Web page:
I'm afraid that I'm probably unlike most of my left-leaning friends, in that I'm not sure I can categorically declare 'we cannot let our forces use coercive interrogation techniques, period (i.e., "torture lite".. what a turn of phrase)' from a moral high ground. The canonical 'ticking bomb' scenario (i.e., you capture a terrorist who knows where an armed bomb is planted) is incredibly hard to argue against, in its purest hypothetical form (i.e., you know you have the right person, and you know that he knows where the bomb is). However, the institutionalized use of torture can quickly become a standard method, as Bowden writes:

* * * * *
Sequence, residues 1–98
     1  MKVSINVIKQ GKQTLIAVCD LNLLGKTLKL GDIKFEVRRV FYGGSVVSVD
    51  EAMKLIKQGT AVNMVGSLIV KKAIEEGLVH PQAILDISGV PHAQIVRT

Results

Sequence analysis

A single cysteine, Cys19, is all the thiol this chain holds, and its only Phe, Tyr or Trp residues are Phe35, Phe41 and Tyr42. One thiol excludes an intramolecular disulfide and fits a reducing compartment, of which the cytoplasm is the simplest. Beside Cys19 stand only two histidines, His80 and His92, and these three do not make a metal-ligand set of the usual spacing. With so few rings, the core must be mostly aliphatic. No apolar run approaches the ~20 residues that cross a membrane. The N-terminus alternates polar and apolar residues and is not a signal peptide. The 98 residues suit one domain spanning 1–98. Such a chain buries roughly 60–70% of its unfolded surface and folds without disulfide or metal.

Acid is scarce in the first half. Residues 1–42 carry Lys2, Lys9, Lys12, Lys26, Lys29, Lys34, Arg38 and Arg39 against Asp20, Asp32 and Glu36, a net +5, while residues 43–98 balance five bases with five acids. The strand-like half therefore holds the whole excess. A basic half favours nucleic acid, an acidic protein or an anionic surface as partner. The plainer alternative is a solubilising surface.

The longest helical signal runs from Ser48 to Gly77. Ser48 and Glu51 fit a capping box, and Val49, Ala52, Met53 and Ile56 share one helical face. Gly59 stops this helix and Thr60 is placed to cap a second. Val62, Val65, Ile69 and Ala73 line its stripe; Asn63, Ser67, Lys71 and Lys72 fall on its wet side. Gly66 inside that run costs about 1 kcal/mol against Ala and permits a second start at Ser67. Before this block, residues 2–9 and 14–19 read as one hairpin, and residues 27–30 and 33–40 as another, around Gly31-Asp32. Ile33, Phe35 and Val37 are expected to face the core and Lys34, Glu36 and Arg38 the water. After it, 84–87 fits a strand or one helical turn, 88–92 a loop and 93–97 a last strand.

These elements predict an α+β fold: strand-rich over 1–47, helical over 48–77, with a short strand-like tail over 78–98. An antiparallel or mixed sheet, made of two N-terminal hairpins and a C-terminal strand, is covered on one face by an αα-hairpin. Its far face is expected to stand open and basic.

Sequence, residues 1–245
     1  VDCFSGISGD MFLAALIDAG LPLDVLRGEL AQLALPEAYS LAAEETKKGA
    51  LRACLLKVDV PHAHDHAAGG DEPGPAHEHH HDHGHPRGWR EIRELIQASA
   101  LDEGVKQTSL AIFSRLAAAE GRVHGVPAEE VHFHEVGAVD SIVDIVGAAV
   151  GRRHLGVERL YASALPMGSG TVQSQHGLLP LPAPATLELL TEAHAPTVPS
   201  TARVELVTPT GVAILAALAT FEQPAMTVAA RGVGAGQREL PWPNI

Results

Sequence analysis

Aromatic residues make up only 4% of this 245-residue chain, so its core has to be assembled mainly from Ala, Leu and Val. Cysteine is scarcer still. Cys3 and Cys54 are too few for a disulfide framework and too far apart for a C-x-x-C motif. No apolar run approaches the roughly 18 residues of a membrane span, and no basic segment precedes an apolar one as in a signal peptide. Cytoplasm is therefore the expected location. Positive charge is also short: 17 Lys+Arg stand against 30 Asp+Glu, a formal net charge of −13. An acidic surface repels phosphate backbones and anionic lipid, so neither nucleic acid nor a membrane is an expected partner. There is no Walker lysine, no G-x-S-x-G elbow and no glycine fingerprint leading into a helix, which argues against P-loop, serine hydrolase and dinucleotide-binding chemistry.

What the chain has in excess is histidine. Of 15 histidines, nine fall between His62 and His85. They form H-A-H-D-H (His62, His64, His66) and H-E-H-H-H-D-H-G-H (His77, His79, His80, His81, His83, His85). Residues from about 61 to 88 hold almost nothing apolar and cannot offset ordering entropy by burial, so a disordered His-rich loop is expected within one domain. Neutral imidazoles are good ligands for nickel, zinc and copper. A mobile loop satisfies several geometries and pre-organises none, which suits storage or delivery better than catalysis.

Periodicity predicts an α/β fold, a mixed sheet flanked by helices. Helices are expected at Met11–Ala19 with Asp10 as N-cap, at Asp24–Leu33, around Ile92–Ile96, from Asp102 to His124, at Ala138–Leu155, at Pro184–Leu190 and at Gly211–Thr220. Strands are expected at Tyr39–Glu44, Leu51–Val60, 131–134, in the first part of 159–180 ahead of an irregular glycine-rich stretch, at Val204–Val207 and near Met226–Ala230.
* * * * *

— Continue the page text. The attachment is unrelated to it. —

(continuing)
In certain rare cases keeping a prisoner cold, uncomfortable, frightened, and disoriented is morally justified and necessary; but the danger in acknowledging as much has always been that such abusive treatment will become the norm. This is what happened in Israel, where a newly introduced regime of officially sanctioned "aggressive interrogation" quickly deteriorated into a system of routine physical abuse. (The Israeli Supreme Court reissued a ban on all such practices in 1999.)

More importantly, however, I would argue against use of torture due to its lack of effectiveness. I have heard it termed 'the crack cocaine of counterinsurgency warfare'--it is incredibly effective at first, and then becomes useless, if not worse than that. Of course, the reason is that with each interrogation sweep, you will be capturing people who were just in the wrong place at the wrong time. People who are brothers/uncles/sons of the general population whose 'hearts and minds' you're trying to win. Great.